But where does innovation come from, and is there a universal framework that can be applied to help consistently make big breakthroughs?
The 10 Types of Innovation
In today’s infographic, we showcase the culmination of years of in-depth research from Doblin, an innovation-focused firm now owned by Deloitte.
After examining over 2,000 business innovations throughout history, Doblin uncovered that most breakthroughs don’t necessarily stem from engineering inventions or rare discoveries.
Instead, they observed that innovations can be categorized within a range of 10 distinct dimensions—and anyone can use the resulting strategic framework to analyze the competition, to stress test for product weaknesses, or to find new opportunities for their products.
Here are the 10 types of innovation:
|1.||Profit Model||How you make money|
|2.||Network||Connections with others to create value|
|3.||Structure||Alignment of your talent and assets|
|4.||Process||Signature of superior methods for doing your work|
|5.||Product Performance||Distinguishing features and functionality|
|6.||Product System||Complementary products and services|
|7.||Service||Support and enhancements that surround your offerings|
|8.||Channel||How your offerings are delivered to customers and users|
|9.||Brand||Representation of your offerings and business|
|10.||Customer Engagement||Distinctive interactions you foster|
From Theory to Practice
What does innovation look like in practice?
Let’s see how well-known businesses have leveraged each of these 10 types of innovation in the past, while also diving into the tactics that modern businesses can use to consistently make new product breakthroughs:.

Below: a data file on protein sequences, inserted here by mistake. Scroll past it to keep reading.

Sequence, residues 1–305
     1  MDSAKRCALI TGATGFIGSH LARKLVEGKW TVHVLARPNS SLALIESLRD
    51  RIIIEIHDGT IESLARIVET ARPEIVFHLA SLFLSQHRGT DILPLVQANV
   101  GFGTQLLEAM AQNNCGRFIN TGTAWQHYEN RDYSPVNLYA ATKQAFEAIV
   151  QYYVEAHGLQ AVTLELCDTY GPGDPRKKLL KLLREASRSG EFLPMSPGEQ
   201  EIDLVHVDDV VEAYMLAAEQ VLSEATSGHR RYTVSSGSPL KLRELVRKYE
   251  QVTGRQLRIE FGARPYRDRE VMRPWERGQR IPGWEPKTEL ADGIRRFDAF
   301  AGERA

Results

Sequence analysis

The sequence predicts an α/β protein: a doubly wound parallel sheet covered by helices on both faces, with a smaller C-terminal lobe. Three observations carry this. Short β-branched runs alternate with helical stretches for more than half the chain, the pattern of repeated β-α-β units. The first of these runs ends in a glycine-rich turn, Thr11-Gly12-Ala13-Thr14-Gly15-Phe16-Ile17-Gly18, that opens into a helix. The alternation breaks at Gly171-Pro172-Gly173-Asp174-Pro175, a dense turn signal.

Innovation Types #1-4: “Configuration”
According to Doblin, the first four types of innovation center around the configuration of the company, and all the work that happens “behind the scenes”.
Although innovation types in this category are not directly customer-facing, as you can see in the examples below, they can still have an important impact on the customer experience. How your company and products are organized can have a crucial downstream effect, even enabling innovations in other categories.
Two of the most interesting examples here are Google and McDonald’s. Both companies made internal innovations that empowered their people to make important advancements further on downstream.
In the case of McDonald’s, the franchisee insight that led to the introduction of the Egg McMuffin spearheaded the company’s entire breakfast offering, which now accounts for 25% of revenues. Breakfast is also now the company’s most profitable segment.
Innovation Types #5-6: “Offering”
When most people think of innovation, it’s likely the offering category that comes to mind.
Making improvements to product performance is an obvious but difficult type of innovation, and unless it’s accompanied by a deeply ingrained company culture towards technical innovation, such advancements may only create a temporary advantage against the competition.
This is the part of the reason that Doblin recommends that companies focus on combining multiple areas of innovation together—it creates a much more stable economic moat.
Apple has a reputation for innovation, but the product ecosystem highlighted above is an underappreciated piece of the company’s strategy. By putting thought into the ecosystem of products—and ensuring they work together flawlessly—additional utility is created, while also making it harder for customers to switch away from Apple products.
Innovation Types #7-10: “Experience”
These types of innovation are the most customer-facing, but this also makes them the most subject to interpretation.
While other innovations tend to occur upstream, innovations in experience all get trialed in the hands of customers. For this reason, intense care is needed in rolling out these ideas.
In the early days of the internet, online shipping was precarious at best—but Amazon’s introduction of Amazon Prime and free expedited shipping for all members has been a game-changer for e-commerce.
Executing on such a promise was no small task, but today there are 150 million users of Prime worldwide, including some in metro areas who can get items in as little as two hours.
Making Innovations Happen in Your Organization
How can organizations approach the 10 types of innovation from a more tactical perspective?
One useful resource is Doblin’s free public list of over 100 tactics that correspond with the aforementioned framework.